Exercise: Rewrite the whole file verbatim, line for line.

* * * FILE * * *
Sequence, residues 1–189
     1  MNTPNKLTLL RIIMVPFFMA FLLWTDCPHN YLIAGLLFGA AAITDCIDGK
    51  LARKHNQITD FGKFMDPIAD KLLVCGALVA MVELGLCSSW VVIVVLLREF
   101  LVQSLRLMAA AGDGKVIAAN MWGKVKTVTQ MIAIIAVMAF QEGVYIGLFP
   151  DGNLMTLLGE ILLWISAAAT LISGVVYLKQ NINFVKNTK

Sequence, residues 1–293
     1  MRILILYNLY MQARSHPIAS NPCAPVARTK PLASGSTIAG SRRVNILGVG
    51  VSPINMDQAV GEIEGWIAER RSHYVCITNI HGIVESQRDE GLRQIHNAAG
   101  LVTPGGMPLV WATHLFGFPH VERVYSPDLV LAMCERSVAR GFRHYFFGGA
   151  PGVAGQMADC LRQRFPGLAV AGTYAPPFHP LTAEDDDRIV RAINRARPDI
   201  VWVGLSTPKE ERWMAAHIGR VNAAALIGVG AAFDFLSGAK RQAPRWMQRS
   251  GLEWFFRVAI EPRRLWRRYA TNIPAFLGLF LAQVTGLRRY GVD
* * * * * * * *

Sequence, residues 1–189
     1  MNTPNKLTLL RIIMVPFFMA FLLWTDCPHN YLIAGLLFGA AAITDCIDGK
    51  LARKHNQITD FGKFMDPIAD KLLVCGALVA MVELGLCSSW VVIVVLLREF
   101  LVQSLRLMAA AGDGKVIAAN MWGKVKTVTQ MIAIIAVMAF QEGVYIGLFP
   151  DGNLMTLLGE ILLWISAAAT LISGVVYLKQ NINFVKNTK

Sequence, residues 1–293
     1  MRILILYNLY MQARSHPIAS NPCAPVARTK PLASGSTIAG SRRVNILGVG
    51  VSPINMDQAV GEIEGWIAER RSHYVCITNI HGIVESQRDE GLRQIHNAAG
   101  LVTPGGMPLV WATHLFGFPH VERVYSPDLV LAMCERSVAR GFRHYFFGGA
   151  PGVAGQMADC LRQRFPGLAV AGTYAPPFHP LTAEDDDRIV RAINRARPDI
   201  VWVGLSTPKE ERWMAAHIGR VNAAALIGVG AAFDFLSGAK RQAPRWMQRS
   251  GLEWFFRVAI EPRRLWRRYA TNIPAFLGLF LAQVTGLRRY GVD